Hyundai IONIQ Forum banner
1 - 7 of 7 Posts

·
Registered
Joined
·
260 Posts
Discussion Starter · #1 · (Edited)
I complained to Hyundai Service Website, which is a repository for all their service manuals, about there not being any table of contents that a person could view before accessing the site. The site is pay-per-view or subscription and I told them I wanted to view the Ioniq manuals but didn’t want to fork over $20 to find they weren’t there. I got an email in reply stating that the Ioniq manuals were there and a complementary 7-day trial subscription. I’ve been clicking around in the Ioniq service manuals for the last 5 days. Here’s what I’ve found about the site and manuals in general:

$20 is the minimum access fee. For that you get a week. This is a better deal than the corresponding Kia service website where $19 gets you only 72 hours. The Ioniq manuals comprise several volumes:

Shop manual
ETM (electrical troubleshooting manual)
TSB (technical service bulletins)
DTC (diagnostic trouble codes)

Could you pay $20 and then download everything? I suppose it’s possible but not practical. Small sections of the manuals can be downloaded as pdfs but not major sections and not complete manuals.

I find the shop manual a disappointment. Instead of high-contrast drawings, Hyundai uses mostly low-contrast and low-resolution photos. The photos are often too small and dark to see well and if you click on them to magnify, they go blurry because the resolution isn’t there to support zooming in. Written descriptions of how things work in the shop manual are very sparse and generally lacking. I find the organization and indexing of the information to be poor. That may be my lack of familiarity, but prepare to spend a lot of time looking for the info you need. The shop manual has some electrical schematics.

The ETM is much better than the shop manual. Organization and indexing of the schematics is fairly good. The schematics are in color and the blue type is a hyperlink to a connector drawing, harness drawing, or ground location drawing. You can zoom in without losing resolution.

The TSBs can have surprisingly good service info in them. Some are just official warnings not to do something, like use E-85 fuel. Others contain very detailed descriptions on how to perform certain procedures, like how troubleshoot the infotainment center. Organization and indexing of the info is poor, but it’s worthwhile to click through the TSBs to see if there’s anything regarding your problem there.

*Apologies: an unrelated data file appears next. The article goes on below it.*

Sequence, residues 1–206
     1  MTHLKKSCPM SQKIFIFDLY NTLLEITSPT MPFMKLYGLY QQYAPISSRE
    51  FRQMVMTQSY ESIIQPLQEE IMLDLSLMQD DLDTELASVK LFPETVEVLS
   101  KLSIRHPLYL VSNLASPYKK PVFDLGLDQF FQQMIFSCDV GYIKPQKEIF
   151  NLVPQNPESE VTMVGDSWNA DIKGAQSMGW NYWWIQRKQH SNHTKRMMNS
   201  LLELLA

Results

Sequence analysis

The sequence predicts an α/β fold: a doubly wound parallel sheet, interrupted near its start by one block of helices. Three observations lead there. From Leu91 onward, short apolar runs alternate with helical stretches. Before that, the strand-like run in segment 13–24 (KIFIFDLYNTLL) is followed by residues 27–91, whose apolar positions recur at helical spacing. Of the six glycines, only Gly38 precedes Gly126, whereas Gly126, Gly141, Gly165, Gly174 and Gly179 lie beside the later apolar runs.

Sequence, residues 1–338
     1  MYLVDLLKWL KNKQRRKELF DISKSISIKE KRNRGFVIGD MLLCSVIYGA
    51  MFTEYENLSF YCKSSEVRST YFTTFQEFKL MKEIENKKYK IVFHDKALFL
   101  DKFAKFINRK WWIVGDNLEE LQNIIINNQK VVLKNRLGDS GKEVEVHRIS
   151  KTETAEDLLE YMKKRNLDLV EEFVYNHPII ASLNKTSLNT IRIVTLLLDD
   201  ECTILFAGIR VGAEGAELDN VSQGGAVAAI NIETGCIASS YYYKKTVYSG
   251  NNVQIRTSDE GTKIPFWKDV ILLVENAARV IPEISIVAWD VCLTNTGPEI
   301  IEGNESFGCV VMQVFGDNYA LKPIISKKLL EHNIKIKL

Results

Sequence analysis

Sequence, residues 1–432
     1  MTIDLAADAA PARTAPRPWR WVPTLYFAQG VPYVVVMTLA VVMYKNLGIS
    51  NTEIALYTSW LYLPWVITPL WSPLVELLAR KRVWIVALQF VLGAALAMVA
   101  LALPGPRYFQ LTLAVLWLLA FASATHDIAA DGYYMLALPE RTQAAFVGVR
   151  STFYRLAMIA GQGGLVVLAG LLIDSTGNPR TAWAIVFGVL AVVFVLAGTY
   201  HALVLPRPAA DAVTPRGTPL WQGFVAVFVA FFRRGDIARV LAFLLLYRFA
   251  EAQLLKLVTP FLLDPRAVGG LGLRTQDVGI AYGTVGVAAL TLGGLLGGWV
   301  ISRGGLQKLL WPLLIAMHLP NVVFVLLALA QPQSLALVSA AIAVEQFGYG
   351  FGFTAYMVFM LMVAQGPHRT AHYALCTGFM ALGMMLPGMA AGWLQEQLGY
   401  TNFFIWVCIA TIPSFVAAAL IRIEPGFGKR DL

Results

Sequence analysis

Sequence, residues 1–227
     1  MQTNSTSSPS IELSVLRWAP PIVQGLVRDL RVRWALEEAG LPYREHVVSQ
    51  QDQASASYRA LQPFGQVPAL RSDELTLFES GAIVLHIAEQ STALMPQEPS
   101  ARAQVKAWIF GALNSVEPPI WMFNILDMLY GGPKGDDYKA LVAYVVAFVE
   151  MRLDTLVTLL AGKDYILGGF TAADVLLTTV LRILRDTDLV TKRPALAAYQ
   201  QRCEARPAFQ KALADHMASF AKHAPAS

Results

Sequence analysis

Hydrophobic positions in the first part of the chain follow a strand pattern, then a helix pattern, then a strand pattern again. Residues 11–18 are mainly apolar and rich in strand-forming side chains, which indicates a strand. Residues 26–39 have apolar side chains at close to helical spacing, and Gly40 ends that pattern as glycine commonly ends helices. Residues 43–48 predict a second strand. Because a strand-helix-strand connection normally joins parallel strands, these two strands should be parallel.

The DTCs, again, are poorly organized. Instead of organizing info by the code number, it’s organized by the subsystem so you have to click through and open subsystems till you find your code. (shakes head!) Also, I have not yet found if there’s any way to manually pull codes without a code reader. Usually it’s possible to have the ECM blink the codes by shorting pins on the datalink connector but I’m not finding any way to do that here.

In summary, if you need electrical info to solve your problem, you should be fairly happy with the info in the ETMs. If you need mechanical info, prepare to spend a lot of time looking for it and you may be disappointed. I much prefer a printed manual that has everything in one volume, like Honda’s superb Helm manuals, but I guess service manuals are not done that way any longer.

I'd like to be able to upload some sample schematics and drawings here but the forum's file size restrictions are ridiculously small. I have a couple of days left on my trial subscription. I may be able to look something up for you...
 

·
Registered
Joined
·
31 Posts
Can you find a way to bypass the hybrid system, ie. use ICE engine only? Would be useful in case you need to charge up a flat 12v aux battery, or in the event the hybrid system malfunctions and you need to get the car to the nearest service centre.

The service guys showed me how to do it during my first 1000km checkup, but it's impossible to remember then. Involves specific sequence of pedals and buttons pressing, like cheat codes on a console.
 

·
Registered
Joined
·
260 Posts
Discussion Starter · #3 ·
Silverks, to recharge a dead 12-v battery after using the 12-v battery reset switch, or after a jump (if the reset didn't work) just step on the brake and press the start button. That puts the car in "ready" mode and the engine will automatically start and run as long as needed to recharge the battery.

There's a way to make a 12-v SoC indicator appear on the gauges so that you can monitor the progress of the charge. That may be what you're referring to. To display the gauge, begin with the car off and turn the switch in the fuse box to the left of the steering wheel to "off" and then hit the "start" button. The gauge will appear at ignition on or ready mode.

This info and more is in TSB 17-EE-002. There's lots of very useful tips on how to start your car with a dead battery that every owner should know. I can't post it here (1.2MB pdf) but PM me with your email and I'll send it to you.

This pdf applies to the US Ioniq.
 

·
Super Moderator
Joined
·
1,796 Posts
Is there nowhere on the Internet that you can point to?
 
1 - 7 of 7 Posts
Top